Plane & Pilot
Tuesday, April 10, 2012

The Americanization Of Alto


There’s a mod for that—making the perfect plane, Ron-Corbi style



Ron Corbi, left, President of Corbi Air, and team member, ex-Navy pilot Paul Volle, have 49 years of professional piloting experience with the company.
The Alto 100 joins that crème de la crème grouping: It's as pleasurable to fly as any S-LSA I've met in four years. And coupled with Corbi's firm determination to continually refine it, this is one of those birds that buyers shouldn't overlook. In particular, Corbi Air's prime target—flight schools—should find this airplane an attractive addition to the fleet, given its $114,000 price tag, fully loaded panel and training-optimized feature set.

Hopping Aboard
Alto's cockpit is plenty roomy at 43 inches, and agreeably appointed with a Dynon SkyView holding center stage. The flight-school version boasts a Garmin G3X system as standard equipment, same as the Cessna Skycatcher—but priced $21,000 less.

While the seat would benefit from a tad more padding, Corbi characteristically promises a memory-foam upgrade soon. Meanwhile, the interior is attractively finished, tidily appointed, well organized, and the stick controls (dual, with PTT), knobs and switches are placed right where you'd expect them.

The orderly panel leaves plenty of legroom for the (pending) adjustable rudder pedals with toe brakes. A push/pull throttle has a friction lock instead of a vernier-style center push-button. Nice.

Avionics packages are truly BK-style, "Have it your way." Corbi says panel faces can be custom cut to a customer's wishes during construction for just $50. In addition to the SkyView and G3X EFIS displays, Garmin's SL40 comm radio and GTX 327 digital transponder, PS Engineering's PM3000 intercom, built-in GPS and TruTrak autopilot are mainstays, while dual-panel installs also are possible.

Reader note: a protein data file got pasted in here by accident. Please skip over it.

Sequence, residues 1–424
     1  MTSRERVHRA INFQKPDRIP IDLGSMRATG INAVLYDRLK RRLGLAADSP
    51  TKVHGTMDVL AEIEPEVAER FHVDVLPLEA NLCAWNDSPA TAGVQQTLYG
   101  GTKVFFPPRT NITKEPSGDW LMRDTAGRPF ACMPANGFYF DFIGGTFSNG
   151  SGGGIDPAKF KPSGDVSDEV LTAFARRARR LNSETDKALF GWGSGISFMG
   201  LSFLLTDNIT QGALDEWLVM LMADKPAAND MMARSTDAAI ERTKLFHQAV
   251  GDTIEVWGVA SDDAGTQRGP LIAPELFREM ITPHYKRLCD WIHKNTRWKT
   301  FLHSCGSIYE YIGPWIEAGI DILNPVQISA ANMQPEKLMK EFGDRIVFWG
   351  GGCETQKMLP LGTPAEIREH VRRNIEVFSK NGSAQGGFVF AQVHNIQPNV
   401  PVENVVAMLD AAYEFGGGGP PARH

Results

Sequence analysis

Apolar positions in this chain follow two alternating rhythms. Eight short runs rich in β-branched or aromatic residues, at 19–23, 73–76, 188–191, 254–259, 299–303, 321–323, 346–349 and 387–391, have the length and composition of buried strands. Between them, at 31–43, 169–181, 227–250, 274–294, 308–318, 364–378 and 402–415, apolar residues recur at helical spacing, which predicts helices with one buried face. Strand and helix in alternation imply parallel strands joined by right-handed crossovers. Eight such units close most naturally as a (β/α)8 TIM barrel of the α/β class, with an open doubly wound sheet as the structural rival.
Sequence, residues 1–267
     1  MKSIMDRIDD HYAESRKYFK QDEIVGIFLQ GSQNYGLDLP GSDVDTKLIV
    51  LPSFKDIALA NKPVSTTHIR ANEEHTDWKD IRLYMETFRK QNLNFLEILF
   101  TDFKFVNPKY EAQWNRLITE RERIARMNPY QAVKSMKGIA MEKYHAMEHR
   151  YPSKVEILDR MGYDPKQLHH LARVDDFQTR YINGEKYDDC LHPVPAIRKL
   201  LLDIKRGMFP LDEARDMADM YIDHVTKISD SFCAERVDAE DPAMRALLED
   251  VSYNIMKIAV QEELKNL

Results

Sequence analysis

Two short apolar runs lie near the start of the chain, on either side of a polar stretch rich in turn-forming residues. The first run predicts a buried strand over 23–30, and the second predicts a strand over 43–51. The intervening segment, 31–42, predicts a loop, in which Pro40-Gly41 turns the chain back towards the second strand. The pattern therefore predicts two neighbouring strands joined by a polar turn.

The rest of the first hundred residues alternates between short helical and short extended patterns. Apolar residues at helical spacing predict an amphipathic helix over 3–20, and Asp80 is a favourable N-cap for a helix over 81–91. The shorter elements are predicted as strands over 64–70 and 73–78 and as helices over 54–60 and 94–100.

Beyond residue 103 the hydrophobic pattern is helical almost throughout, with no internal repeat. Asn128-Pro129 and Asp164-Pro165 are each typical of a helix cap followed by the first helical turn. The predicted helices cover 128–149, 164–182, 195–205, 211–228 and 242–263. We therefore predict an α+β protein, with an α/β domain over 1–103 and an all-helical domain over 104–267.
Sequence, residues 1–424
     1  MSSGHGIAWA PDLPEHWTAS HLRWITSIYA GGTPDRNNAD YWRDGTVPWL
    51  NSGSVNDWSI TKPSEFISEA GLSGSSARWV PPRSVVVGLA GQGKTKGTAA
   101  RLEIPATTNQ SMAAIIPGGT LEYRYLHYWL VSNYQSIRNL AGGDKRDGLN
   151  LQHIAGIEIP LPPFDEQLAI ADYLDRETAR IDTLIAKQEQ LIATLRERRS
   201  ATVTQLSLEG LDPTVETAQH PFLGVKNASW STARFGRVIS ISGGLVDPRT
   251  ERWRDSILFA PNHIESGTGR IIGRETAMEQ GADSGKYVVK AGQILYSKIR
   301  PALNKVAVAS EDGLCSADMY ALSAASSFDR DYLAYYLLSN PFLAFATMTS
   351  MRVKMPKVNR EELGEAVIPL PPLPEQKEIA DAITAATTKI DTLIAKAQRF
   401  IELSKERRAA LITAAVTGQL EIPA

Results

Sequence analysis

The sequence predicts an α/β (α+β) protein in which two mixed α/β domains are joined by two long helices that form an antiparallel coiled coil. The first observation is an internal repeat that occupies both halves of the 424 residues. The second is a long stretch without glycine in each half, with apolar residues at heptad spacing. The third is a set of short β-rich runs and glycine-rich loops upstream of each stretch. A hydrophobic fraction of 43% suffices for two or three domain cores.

Keeping Your Cool
Corbi Air commissioned an aerospace company to design and build its optional hybrid auto-style air-conditioning unit, which drops cockpit temps more than 20 degrees F. "We sell them for any aircraft, not just the Alto," says Ron Corbi. The unit, which adds 35 pounds, mounts behind the seats and directs air forward along the overhead curving canopy and back toward the occupants.
That extra weight includes a Rotax-approved, supplemental, belt-driven, 85 amp alternator, and makes the firewall-forward installation a dual-alternator setup. And Lycoming and Continental-powered LSA won't need the extra alternator—which saves 15 pounds.

Corbi calculates air-conditioning will help keep occupants from cooking their noodles. Heat stress is a performance-compromising challenge for any pilot.

"It's a full-blown, electric-powered, Freon-based system, like in hybrid cars," says Ron Corbi. "We used it last summer, and it worked well, especially taxiing around, and even at engine idle."

Rotax engines idle near 2,000 rpm. That's plenty for the A/C, since the alternator is slaved to sync with engine speed. To make room for the second alternator, Direct Fly extended the cowl three inches, giving it a more appealing look.

Corbi adds that air-conditioning only costs about two horsepower in engine performance. Still, pilots are advised to switch off active cooling during takeoffs and landings for maximum available power. For more info on the A/C, visit www.amt-aero.com/flycool.html.





Labels: LSAs

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